You'll see this really kick into gear once Vista Service Pack 1 appears and business customers start seriously looking at what it will cost to migrate to Vista. That Tiffany-level price tag will make all but the most Microsoft-centric businesses start considering the Linux/SAAS alternative. [...]
I read in another article that MS is trying desperately to get WinXP to work on the OLPC XO laptop. But they can't, unless the units have double the memory they have now. As a result, they are trying to get the OLPC Project to build in and extra port to add up to double the memory the device currently uses.
Microsoft has wanted to dump XP and promote Vista instead. But now it finds it wants to compete in the low-end market with Linux, and Vista can't go there. It would seem that XP is going to be sticking around for a while, in some form or another, although it may have to go on a crash diet.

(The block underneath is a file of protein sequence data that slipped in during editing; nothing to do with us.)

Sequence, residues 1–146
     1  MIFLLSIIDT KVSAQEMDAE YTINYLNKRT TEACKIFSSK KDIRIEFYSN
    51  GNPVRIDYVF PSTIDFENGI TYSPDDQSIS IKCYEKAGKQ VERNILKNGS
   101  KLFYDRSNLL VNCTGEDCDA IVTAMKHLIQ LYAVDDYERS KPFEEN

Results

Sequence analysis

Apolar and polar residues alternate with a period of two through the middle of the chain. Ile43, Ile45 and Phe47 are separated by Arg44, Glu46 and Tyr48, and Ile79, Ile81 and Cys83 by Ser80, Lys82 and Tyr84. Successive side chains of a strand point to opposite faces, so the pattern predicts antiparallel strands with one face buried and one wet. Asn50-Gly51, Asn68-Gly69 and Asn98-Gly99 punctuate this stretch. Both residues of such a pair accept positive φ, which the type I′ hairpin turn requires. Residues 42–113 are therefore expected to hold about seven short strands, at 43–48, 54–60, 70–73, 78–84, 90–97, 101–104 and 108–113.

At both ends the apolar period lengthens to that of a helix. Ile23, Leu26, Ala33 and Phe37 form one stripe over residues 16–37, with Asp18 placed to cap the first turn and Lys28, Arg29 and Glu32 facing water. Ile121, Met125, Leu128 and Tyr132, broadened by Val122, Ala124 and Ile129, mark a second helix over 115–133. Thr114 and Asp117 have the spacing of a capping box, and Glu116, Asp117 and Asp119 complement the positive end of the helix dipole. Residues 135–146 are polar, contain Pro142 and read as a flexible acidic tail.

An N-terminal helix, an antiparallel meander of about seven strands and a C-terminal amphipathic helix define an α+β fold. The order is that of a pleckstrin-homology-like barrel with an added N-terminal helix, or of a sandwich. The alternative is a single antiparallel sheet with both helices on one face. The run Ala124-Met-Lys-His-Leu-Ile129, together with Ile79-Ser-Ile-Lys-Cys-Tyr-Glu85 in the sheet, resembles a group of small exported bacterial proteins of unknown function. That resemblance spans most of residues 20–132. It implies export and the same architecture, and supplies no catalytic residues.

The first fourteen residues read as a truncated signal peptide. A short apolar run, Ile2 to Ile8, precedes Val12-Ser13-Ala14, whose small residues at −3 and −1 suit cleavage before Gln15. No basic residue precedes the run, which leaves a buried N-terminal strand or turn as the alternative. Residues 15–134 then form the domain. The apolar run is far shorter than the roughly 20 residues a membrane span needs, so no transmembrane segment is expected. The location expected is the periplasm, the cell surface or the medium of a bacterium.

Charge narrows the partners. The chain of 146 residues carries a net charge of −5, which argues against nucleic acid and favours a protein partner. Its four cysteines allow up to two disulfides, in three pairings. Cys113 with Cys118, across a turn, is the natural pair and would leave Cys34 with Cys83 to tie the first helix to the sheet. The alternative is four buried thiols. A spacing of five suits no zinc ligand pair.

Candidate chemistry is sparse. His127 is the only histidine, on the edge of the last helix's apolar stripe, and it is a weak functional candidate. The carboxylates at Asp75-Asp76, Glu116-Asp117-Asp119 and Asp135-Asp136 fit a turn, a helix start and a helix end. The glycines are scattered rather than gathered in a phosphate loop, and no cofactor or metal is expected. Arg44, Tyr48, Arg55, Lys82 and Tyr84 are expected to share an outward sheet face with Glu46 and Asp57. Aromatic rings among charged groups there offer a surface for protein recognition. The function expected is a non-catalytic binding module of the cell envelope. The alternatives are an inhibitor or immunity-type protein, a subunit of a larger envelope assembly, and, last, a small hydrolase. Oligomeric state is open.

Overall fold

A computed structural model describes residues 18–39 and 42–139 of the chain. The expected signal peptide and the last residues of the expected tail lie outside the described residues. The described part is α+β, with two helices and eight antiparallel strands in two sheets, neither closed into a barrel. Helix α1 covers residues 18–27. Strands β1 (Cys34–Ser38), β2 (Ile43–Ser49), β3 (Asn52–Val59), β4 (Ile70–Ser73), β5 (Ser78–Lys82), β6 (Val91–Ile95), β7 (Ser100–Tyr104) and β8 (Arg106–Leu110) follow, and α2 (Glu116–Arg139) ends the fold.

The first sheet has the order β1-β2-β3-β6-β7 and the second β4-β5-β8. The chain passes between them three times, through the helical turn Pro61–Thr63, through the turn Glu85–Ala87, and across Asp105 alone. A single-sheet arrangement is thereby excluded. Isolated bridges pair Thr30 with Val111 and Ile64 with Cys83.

But will XP even be good enough (or small enough) to compete effectively with Linux in this arena? Here are some more articles that look at that, links about XP on the OLPC's XO:
I think that if MS does somehow manage to SQUEEZE WinXP onto the XO, Linux is still going to look like the better alternative. It will require more memory, which will drive up costs, and it may not be as fast as a Linux alternative on the same hardware. Linux also does not have licensing fees. It will be interesting to see what happens.
Anyone who follows the media has probably heard many times that the rich are getting richer, the poor are getting poorer, and incomes of the population in general are stagnating. Moreover, those who say such things can produce many statistics, including data from the Census Bureau, which seem to indicate that.